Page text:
Archive for October, 2010

Feline Friday: Happy Halloween!


Did she scare you?  She scares me everyday.  Who knows when that paper bag will be replaced with my face?

Anyway, I hope everyone has a very happy Halloween.  And please don’t dress up your animal unless they like it.  Or unless you are going to put them in something hilarious of this nature:


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Wordy Wednesday: Never Let Me Go by Kazuo Ishiguro

I love sci-fi.  I’m a fan of aliens, evil robots, time travel, dystopia, good robots, and pretty much anything else that you would find in a galaxy far, far away.

Never Let Me Go is a story that, by description, seems to fall under the category of sci-fi.  However, Kazuo Ishiguro’s subtle storytelling makes this novel a quiet study of human nature, not a horrifying tale of technology gone wrong.

I don’t want to reveal too much– a great deal of the book’s impact lies in the nuanced way that the story unfolds.  I will tell you that it takes place in an isolated school full of parentless British children.  Sound scary?  It’s not.  They spend their days playing football, painting, writing poetry, drawing, gossiping– doing all the things that preteens do.  All the while, they have an incomplete understanding of some cryptic future that their teachers (or “guardians”) have explained in veiled terms.

For sci-fi, it’s very normal and very human.  It’s the story of emotionally confused children, one that would not be out of place in any other setting.  This is an integral part of the story, so I really won’t go on.  But I just want to emphasize that the author’s restraint ultimately shows a great deal about the characters and the themes at the end of the book.

I really loved this one.  Even though there were no evil robots.

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Tasty Tuesday: Vegan Kimchi Pancakes

For the last three months, I have been working in Koreatown, which is 95% awesome because I get to go out to lunch everyday and spend money I don’t have on super delicious Korean food!

The 5% of non-awesomeness comes from the fact that Korean food is not the most vegetarian-friendly of cuisines.  Even though every meal includes lots of delicious and interesting veggies, they’re often accompanied by chunks of meat or simmered in fish broth.  I had been content stuffing my face with kogi-free bibimbop and kimchi, until I actually took a gander at a package of kimchi in the market.

I’m relatively new to the veggie game, so I’m still getting used to double-checking everything I eat.  I mean, pickled cabbage doesn’t seem like something that would contain tiny chopped-up baby shrimp and anchovies, does it?  Or am I just an idiot?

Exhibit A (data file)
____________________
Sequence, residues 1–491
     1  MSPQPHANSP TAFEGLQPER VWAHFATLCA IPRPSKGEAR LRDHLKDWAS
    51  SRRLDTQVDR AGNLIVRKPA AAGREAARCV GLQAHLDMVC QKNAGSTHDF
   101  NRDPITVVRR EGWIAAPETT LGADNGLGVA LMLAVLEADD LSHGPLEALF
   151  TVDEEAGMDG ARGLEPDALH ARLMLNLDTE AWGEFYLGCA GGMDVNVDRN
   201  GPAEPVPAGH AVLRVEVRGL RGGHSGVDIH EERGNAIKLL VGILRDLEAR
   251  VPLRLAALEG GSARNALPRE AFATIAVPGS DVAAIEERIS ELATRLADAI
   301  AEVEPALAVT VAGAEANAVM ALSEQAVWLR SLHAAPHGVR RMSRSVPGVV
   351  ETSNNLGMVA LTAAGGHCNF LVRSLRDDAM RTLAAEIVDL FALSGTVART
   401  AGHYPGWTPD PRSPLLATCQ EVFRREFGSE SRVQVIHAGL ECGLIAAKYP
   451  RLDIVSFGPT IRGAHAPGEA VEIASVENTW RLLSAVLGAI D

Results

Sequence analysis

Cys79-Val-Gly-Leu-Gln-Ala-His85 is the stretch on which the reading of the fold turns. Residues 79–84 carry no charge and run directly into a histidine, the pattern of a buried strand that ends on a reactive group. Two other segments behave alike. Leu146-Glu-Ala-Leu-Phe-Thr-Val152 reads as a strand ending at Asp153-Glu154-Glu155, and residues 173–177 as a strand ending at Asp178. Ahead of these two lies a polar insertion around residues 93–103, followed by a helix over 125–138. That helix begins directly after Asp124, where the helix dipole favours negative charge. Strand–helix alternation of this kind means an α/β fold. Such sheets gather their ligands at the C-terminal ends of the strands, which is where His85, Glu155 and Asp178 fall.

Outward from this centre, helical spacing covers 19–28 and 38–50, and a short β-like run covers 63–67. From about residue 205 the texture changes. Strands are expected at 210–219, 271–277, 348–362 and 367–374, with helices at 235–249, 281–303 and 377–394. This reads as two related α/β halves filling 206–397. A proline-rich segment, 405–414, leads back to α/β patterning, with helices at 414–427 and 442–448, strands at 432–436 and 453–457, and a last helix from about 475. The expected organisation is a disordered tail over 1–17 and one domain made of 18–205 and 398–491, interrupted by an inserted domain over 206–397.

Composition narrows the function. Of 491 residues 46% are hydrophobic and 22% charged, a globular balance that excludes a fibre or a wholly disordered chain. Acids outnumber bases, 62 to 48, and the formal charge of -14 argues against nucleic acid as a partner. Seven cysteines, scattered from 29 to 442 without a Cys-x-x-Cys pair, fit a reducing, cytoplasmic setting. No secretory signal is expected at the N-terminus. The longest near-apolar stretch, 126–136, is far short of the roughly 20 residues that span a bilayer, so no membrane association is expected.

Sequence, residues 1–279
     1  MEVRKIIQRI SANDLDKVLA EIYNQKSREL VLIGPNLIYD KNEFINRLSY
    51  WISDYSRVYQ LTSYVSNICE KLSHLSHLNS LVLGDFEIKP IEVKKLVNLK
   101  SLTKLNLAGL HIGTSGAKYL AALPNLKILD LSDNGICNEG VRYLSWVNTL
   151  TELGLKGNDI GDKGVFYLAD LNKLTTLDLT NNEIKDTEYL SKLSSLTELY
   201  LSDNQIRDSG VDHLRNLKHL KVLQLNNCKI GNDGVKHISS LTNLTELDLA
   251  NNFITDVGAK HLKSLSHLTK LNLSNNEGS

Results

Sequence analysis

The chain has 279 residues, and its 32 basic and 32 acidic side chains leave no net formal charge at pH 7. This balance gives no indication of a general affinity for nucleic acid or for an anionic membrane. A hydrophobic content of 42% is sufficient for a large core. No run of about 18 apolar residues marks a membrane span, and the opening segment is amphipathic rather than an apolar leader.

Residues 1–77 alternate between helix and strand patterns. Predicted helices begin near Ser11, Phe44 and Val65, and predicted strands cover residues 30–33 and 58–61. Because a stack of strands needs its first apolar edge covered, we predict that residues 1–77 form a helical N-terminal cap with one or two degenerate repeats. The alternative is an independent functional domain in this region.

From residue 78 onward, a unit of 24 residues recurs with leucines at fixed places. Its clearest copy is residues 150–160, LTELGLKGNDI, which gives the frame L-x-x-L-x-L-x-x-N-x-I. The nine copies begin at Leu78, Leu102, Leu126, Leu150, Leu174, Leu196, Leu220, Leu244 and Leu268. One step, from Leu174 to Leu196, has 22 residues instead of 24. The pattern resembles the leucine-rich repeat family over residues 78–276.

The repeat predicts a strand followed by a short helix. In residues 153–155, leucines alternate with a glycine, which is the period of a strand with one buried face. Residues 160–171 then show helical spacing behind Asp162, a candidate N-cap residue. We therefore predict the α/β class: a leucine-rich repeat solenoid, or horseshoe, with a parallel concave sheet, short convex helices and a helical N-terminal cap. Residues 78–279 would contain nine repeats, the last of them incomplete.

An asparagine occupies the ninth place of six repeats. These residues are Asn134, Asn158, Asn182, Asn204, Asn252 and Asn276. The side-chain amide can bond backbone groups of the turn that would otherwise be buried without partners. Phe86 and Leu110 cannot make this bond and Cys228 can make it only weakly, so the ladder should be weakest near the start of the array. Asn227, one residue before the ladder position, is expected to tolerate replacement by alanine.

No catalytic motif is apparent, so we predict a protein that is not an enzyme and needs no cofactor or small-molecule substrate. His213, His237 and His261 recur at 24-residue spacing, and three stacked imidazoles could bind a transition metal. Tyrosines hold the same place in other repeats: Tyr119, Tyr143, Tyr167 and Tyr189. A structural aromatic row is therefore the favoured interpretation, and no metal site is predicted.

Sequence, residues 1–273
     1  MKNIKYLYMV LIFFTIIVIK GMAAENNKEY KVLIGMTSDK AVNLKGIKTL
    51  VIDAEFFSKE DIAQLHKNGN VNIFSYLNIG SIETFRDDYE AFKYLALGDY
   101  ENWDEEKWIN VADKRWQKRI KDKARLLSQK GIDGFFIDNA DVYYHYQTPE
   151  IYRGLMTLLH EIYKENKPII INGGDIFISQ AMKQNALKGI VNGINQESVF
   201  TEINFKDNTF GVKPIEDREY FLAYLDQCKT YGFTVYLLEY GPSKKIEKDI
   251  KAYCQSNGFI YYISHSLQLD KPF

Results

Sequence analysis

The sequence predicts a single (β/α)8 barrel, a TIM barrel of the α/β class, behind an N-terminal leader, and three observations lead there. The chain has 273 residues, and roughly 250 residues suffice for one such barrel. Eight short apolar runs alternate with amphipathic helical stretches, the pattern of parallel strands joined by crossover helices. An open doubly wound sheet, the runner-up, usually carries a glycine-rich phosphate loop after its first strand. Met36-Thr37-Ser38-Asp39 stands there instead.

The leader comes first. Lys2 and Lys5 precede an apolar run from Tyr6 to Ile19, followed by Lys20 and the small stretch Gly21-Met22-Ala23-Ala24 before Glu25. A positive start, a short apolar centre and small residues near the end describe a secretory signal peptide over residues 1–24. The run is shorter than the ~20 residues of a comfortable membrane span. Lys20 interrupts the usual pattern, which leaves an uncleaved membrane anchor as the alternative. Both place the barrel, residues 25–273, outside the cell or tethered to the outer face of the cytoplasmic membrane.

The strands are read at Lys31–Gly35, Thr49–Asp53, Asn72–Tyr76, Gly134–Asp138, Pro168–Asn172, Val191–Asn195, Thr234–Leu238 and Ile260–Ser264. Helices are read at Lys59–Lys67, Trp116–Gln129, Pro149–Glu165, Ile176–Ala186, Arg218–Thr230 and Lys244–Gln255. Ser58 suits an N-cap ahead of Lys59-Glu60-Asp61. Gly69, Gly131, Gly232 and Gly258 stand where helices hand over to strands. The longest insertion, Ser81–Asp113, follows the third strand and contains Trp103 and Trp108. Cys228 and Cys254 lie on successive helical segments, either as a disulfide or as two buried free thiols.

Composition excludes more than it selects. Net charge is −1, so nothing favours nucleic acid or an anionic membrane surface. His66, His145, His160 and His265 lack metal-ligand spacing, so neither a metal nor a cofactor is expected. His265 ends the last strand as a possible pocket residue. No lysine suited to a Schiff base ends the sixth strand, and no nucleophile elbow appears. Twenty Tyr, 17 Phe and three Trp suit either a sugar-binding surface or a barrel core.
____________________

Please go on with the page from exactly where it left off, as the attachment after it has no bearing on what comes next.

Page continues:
After inhaling boatloads of kimchi, I discovered that it often contains fish products.  FIDDLESTICKS!!!  Luckily for me, there is an Asian market just down the street that carries approximately 700 varieties of kimchi, and a couple of them don’t contain seafood– like this kind, which I started buying:

Of course, lots of people might turn their nose up at this type of thing: it’s prepackaged and presumably not as fresh or authentic as the kimchi that comes in giant plastic bags at the market.  But if you’re vegetarian, it does the trick; and it is still totally delectable without all the dead creatures adding “flavor” or whatnot.

You can also make your own kimchi.  There are lots of recipes online.  But honestly, it seems like a pretty time-intensive thing to tackle, when other people who know what they’re doing make it so much better.  So I’m sticking with my little jar.

One of my favorite ways to eat kimchi is in pancake form.  Kimchi pancakes are not that expensive to buy, but like any pancake, they’re definitely cheaper to make yourself.

I modified this recipe from Maangchi, and I served it with a side of sauteed seaweed stems.

Vegan Kimchi Pancakes

makes 4 big pancakes


– 2 cups kimchi, chopped

– 1/2 cup water

– 1/4 cup vegetable oil (I used grapeseed) (plus more for pan-frying)

–  1/3 cup white onion, chopped

– 1/2 tsp sugar

– 2 cups unbleached all-purpose flour


Stir first 5 ingredients in a large bowl.  Then, stir in flour.  Heat about a tablespoon of oil into a skillet on medium low.  Pour enough batter in to make a good-sized pancake, and spread evenly.  Cook about a minute and a half, then flip and heat for another minute and a half.

When both sides are golden and slightly crisp (but not crunchy), remove from pan, and repeat with the next batch of batter.

I love pancakes!  I love kimchi!  I love not eating animals!  Long live vegan kimchi pancakes!!!

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Music Monday: Willow Smith Makes Me Feel Like a Big Lame Loser

When I saw Willow Smith’s “Whip My Hair” video the other day, I was reminded of my own childhood.  I was pretty much exactly like her.

Just kidding.  I don’t understand how young children get to be this hip.  I mean, I understand that Willow Smith is hardly the standard for normality.  But honestly, most kids today are way cooler than anyone from my middle school in the 90s.

I think they are too cool, in fact.  It doesn’t seem fair.  When I was teaching, I constantly felt like the least trendy person in a room full of 6th graders.  That’s just not right.  (In fact, I would probably compare myself to the old lady doing the splits at 3:23 in the video.)  When I was in 6th grade, I was buying sweatshort outfits at the Limited Too and listening to Blues Traveler.  Now children are sporting Major Lazer T-shirts and making homemade remixes of Sonic Youth and Ol’ Dirty Bastard.